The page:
Career and Jobs

The American Dream Is Still Alive And Well: U.S. Started Record-Setting Number Of Businesses During The Pandemic

Americans are a relentless, maverick, rugged and determined bunch of people. While we like complaining and arguing with each other, Americans have this built-in sense of self-determination and grit. We refuse to give up in the face of disaster. Against all odds, we persevere and bravely forge forward, in pursuit of our dreams and goals.

You’d think that with the pandemic raging on for eight months, we’d throw up our hands in despair. Instead, people who are in between jobs continue to diligently search for a new role—knowing full well that the odds are stacked against them.

Another unique American trait has resurfaced. The U.S. has started new businesses at a record-setting rate, in what is being deemed as a “startup boom.” John Haltiwanger, an economist at the University of Maryland, said that within the first two months of the virus outbreak, there was a noticeable rise in new business applications. Working on a project with the government provided him with official data detailing new business formations. He was flabbergasted as he saw the upward trend of new business applications. Haltiwanger pointed out, “The third quarter of 2020 is the highest quarter of applications we’ve ever seen.”

Inc. Magazine, a publisher that covers small emerging businesses, echoed Haltiwanger’s findings and wrote, “Over the past three months, more new businesses were launched in the U.S. than in any quarter in history.” The report showed, “Between June and September, nearly 1.4 million startups were founded.”

When a person loses their job, they have tough choices to make. You can start searching for a new job in your field, try to pivot to a new type of role or reinvent yourself. After a number of months without any luck, you then have to figure out another plan. This could involve becoming an entrepreneur. 

The Covid-19 disease has changed many things. Working from home or remotely anywhere has become standard. Shopping online has been the go-to means of purchasing goods, as people are concerned about interacting with others. Brick and mortar stores, shopping malls, movie theater chains, restaurants, airlines, hotels, bars, clubs, gyms and other sectors have been hit hard. Some have been forced into bankruptcy.

There have been big winners. Zoom, Apple, Microsoft, Google, Amazon, Netflix and other tech-based companies have fared very well, making their already-rich CEOs even more fabulously wealthy.

Change brings chaos and opportunities. As the way we work and live our lives has been altered, maybe even forever, a large number of people decided to take fate into their own hands and create a new business.

In full disclosure, I’ve started up a business too. I previously launched my executive search firm during a horrific time, in 2001, after Sept.11. Seeing millions of people out of work and having an incredibly hard time finding a new job, it prompted me to start a second business, WeCruitr. The mission is to help equip people with the skills, knowledge and advice to succeed in their job hunt. We also bring people together to be part of an online community, so that they have access to job leads, can learn from others and have people to commiserate with.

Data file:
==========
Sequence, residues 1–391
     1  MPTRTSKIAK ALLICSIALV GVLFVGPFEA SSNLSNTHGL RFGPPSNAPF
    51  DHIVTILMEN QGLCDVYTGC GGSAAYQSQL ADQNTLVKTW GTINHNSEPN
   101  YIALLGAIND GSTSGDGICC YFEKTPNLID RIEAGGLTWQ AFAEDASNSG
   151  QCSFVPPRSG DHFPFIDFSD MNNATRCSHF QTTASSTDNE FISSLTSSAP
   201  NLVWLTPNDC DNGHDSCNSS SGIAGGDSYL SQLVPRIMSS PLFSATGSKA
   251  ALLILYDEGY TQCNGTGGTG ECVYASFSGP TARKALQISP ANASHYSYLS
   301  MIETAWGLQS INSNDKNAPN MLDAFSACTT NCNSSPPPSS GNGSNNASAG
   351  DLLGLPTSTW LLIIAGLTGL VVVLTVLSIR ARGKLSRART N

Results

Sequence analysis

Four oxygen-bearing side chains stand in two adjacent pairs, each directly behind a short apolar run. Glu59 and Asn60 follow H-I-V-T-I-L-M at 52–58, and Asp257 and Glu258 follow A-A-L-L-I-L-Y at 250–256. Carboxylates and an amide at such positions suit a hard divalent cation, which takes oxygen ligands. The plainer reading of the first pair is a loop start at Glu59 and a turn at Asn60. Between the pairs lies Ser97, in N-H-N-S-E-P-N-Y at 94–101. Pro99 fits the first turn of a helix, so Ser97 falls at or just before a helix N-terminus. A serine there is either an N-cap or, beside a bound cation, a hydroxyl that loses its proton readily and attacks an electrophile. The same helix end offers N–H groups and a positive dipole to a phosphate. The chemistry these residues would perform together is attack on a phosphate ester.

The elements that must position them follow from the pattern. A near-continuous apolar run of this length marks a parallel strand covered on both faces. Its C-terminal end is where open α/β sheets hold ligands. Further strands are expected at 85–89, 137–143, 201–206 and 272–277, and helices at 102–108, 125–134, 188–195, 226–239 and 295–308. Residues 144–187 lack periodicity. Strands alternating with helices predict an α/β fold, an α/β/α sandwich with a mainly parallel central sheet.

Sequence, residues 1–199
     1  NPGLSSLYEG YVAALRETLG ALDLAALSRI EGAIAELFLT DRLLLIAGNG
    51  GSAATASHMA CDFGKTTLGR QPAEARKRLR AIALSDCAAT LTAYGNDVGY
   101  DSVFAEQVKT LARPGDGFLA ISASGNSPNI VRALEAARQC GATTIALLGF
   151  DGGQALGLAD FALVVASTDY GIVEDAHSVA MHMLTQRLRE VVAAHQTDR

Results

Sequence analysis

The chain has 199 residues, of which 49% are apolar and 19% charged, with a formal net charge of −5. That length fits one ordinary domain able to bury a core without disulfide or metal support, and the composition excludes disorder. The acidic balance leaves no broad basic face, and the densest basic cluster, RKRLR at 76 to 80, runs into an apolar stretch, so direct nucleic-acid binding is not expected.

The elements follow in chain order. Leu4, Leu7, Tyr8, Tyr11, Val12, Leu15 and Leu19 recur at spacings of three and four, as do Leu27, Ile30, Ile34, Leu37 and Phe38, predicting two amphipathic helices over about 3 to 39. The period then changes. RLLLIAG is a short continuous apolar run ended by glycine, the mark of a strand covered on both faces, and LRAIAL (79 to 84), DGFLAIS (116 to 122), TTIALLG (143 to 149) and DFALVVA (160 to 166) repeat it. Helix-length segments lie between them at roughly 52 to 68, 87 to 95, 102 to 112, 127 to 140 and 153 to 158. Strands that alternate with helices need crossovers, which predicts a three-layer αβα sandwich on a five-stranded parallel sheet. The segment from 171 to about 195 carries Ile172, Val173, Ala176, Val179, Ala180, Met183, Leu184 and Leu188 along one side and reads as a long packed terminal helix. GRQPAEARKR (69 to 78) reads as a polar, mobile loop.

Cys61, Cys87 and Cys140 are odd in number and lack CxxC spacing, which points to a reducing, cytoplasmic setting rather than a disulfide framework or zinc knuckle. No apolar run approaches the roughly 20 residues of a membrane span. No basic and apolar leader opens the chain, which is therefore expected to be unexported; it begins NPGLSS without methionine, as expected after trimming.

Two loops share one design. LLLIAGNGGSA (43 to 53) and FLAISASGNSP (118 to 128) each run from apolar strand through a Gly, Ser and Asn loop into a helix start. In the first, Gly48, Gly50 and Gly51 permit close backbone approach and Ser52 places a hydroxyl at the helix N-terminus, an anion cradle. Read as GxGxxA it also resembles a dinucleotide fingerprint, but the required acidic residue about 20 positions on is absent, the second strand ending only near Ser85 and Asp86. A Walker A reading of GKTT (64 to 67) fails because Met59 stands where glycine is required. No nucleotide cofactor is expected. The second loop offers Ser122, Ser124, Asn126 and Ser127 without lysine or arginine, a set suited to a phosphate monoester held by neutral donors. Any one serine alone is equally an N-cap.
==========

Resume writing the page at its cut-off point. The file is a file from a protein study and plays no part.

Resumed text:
We’ve seen this in many industries. As some companies are severely hampered by the disease, others are springing up to fill the void. Zoom skyrocketed in popularity and became ubiquitous, as it served the need to easily connect workers through its video platform. Telemedicine was literally a life saver for people. As we were afraid, particularly during the first number of months of the outbreak, to visit a doctor, people didn’t seek out medical attention. Then, medical professionals, noticing this trend, offered virtual visits, which dramatically changed the way things were done. Peloton, the high-end stationary bicycle maker and subscriptions service, thrived as gyms remained closed and people wanted to exercise and stay healthy. 

The feeling among many people is that they realize big corporations don’t care that much about their employees. They’ll quickly fire them to cut costs. Many workers who hold jobs are deathly afraid of losing them. Taking up a side hustle has become common to have a second stream of income and a way to dip their toes in the entrepreneurial waters. There has also been a rise in people moving into the gig economy, driving Ubers, shopping grocery items for consumers via Instacart, opening up a Shopify store and delivering packages.

Despite all of the doom and gloom, Americans are a hearty group of people who won’t stay knocked down for long. We pick ourselves up, brush off the failures and move on. It used to be only searching for a new job. Now, it’s become socially acceptable to say, “Life is short. No job is really safe.” So, it makes sense to keep all options open and starting up a new business, according to the data, seems like an attractive option to a lot of people. 

The chance to call your own shots, take a risk, not being beholden to a mercurial manager and the exhilaration of trying something new is all part of the American Dream. This shows that we still have it and won’t succumb to the pandemic and will try our best to overcome it and become successful.

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